David James Lessard
Perkins+Will is keen to expand on its sustainability mandate this year, according to its director of architecture, David James Lessard. Up to 59 of the US-headquartered consultancy’s 92 regional employees are women.
Lessard, who was a senior project architect at Perkins+Will before he took over his current role, has worked in the Middle East for more than six years.
Most notable among Perkins+Will’s Middle East project portfolio are the Al Maktoum International Airport for Dubai Aviation Engineering Projects; the Dubai Mall Expansion for Emaar Properties; the refurbishment of the Radisson Blu hotel in Sharjah; and the Al Ghurair City Master Plan for Al Ghurair Properties.
Lessard said sustainability would continue to play a pivotal role in Perkins+Will’s regional operations. One of the firm’s significant priorities this year is to partner with clients in order to identify vulnerabilities to “natural and manmade stressors in buildings, cities, and their communities, and to create design responses to help achieve stability and adaptability”.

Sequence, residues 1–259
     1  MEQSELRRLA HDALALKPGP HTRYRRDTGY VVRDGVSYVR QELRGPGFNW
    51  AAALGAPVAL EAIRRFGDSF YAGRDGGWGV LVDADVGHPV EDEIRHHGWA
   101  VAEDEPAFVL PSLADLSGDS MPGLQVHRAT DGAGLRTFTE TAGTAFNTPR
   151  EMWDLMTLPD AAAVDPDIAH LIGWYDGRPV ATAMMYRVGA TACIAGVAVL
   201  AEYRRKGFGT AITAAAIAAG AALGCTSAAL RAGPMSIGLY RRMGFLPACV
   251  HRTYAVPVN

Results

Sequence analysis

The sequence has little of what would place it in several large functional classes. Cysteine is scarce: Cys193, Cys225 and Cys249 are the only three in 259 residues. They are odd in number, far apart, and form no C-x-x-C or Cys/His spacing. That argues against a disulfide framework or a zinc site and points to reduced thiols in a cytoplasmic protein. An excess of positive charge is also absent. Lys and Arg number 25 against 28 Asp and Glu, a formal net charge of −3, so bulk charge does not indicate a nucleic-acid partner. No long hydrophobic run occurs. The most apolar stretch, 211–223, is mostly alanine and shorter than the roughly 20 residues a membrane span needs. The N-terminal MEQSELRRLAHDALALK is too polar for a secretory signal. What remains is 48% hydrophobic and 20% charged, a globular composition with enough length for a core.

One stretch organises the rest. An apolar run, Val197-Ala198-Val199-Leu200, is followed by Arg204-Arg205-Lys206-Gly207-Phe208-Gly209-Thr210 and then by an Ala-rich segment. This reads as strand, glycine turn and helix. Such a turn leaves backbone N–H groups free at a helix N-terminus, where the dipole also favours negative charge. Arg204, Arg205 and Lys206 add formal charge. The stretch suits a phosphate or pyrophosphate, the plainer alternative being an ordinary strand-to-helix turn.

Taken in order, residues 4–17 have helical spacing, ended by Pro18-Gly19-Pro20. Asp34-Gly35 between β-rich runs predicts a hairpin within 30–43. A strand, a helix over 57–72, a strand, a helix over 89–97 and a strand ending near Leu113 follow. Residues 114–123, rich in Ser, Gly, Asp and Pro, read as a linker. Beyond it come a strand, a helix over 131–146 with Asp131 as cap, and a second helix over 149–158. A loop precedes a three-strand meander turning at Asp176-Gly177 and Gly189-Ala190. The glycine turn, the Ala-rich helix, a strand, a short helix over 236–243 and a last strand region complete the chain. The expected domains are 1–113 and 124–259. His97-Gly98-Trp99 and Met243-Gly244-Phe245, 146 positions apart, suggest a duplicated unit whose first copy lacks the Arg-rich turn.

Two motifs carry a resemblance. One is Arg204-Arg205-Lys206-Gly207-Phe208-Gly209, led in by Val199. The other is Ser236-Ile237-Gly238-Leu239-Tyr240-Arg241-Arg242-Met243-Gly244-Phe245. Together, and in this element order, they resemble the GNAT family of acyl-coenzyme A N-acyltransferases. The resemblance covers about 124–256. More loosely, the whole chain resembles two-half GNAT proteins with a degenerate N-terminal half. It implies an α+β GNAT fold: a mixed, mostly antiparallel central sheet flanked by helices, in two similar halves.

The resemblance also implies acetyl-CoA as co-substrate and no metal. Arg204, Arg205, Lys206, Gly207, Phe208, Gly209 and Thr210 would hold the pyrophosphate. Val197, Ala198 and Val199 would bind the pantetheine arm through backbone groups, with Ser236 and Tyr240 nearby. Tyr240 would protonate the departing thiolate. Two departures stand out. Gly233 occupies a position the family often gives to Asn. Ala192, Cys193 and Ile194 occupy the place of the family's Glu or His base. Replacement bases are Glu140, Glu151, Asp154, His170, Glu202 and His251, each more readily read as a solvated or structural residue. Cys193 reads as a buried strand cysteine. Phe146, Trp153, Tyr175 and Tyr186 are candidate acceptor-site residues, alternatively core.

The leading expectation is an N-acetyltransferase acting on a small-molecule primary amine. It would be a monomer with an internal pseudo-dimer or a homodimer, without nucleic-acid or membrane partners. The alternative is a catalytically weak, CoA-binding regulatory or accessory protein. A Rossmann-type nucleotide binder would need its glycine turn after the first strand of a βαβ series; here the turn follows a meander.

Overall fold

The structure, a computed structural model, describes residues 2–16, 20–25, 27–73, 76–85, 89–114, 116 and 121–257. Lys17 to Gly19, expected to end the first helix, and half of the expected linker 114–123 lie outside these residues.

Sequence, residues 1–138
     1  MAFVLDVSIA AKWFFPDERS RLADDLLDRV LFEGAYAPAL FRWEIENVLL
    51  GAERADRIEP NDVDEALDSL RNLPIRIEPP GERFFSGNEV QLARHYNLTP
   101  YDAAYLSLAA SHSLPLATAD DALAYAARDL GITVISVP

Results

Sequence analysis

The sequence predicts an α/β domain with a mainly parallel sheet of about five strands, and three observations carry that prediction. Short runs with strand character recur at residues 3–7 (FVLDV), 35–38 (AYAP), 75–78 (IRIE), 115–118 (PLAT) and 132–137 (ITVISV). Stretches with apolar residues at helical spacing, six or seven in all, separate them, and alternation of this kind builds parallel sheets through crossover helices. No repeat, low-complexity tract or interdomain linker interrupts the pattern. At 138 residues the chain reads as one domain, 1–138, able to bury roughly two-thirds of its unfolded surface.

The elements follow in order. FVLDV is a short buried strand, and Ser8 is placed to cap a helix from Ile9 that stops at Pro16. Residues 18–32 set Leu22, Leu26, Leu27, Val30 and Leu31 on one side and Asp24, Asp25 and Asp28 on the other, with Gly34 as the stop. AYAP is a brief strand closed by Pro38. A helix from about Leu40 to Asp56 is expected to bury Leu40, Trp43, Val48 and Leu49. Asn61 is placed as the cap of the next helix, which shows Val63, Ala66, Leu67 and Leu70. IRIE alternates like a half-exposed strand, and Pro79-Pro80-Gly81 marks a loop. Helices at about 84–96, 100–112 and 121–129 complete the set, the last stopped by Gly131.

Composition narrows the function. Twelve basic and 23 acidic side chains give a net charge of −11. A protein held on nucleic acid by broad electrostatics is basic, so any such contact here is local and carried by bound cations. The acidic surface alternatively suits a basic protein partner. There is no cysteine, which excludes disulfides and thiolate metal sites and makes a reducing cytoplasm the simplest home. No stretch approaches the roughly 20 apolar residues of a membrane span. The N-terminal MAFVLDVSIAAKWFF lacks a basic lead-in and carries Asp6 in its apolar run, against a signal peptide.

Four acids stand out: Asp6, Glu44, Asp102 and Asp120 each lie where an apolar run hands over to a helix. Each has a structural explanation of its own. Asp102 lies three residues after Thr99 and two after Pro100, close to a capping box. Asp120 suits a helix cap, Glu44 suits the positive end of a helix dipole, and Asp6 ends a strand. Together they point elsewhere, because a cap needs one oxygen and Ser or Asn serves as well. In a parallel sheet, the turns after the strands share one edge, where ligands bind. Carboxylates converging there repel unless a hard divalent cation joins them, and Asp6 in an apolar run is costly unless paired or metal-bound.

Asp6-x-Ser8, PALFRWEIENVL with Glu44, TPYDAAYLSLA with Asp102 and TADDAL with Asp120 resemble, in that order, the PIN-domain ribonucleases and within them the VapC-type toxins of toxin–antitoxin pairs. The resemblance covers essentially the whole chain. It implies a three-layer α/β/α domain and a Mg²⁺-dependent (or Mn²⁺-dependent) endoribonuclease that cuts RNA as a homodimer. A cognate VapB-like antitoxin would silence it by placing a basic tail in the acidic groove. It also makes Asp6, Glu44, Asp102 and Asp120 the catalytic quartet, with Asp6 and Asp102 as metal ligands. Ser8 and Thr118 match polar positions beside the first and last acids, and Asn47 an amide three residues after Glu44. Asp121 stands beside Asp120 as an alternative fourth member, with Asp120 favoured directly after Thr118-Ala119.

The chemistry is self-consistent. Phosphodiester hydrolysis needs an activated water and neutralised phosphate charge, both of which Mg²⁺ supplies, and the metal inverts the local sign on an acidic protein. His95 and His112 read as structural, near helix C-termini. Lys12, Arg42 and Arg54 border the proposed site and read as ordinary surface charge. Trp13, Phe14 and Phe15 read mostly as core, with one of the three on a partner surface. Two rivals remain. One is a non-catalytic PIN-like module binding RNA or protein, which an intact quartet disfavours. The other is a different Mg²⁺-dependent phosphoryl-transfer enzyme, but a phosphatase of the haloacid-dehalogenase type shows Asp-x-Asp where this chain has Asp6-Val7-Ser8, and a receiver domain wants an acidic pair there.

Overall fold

Healthcare, hospitality, and corporate interiors are among Perkins+Will’s largest markets in the Middle East, and the firm’s sustainability strategy forms the centrepiece of its operations in all these sectors.
“As a practice, we are leading sustainable design to the next level of building performance and resource conservation in our built environment. More and more of our clients are achieving net-zero energy, water, and carbon goals through design,” Lessard said.
Designing for “a water-stressed world” will be Perkins+Will’s greatest challenge over the next 12 months, he added.
“The world’s freshwater reserve – a finite natural resource that is necessary to sustain human, animal, and plant life – is diminishing. At Perkins+Will, we strive to design projects that can achieve net-zero water waste and reduce the demand on freshwater sources.”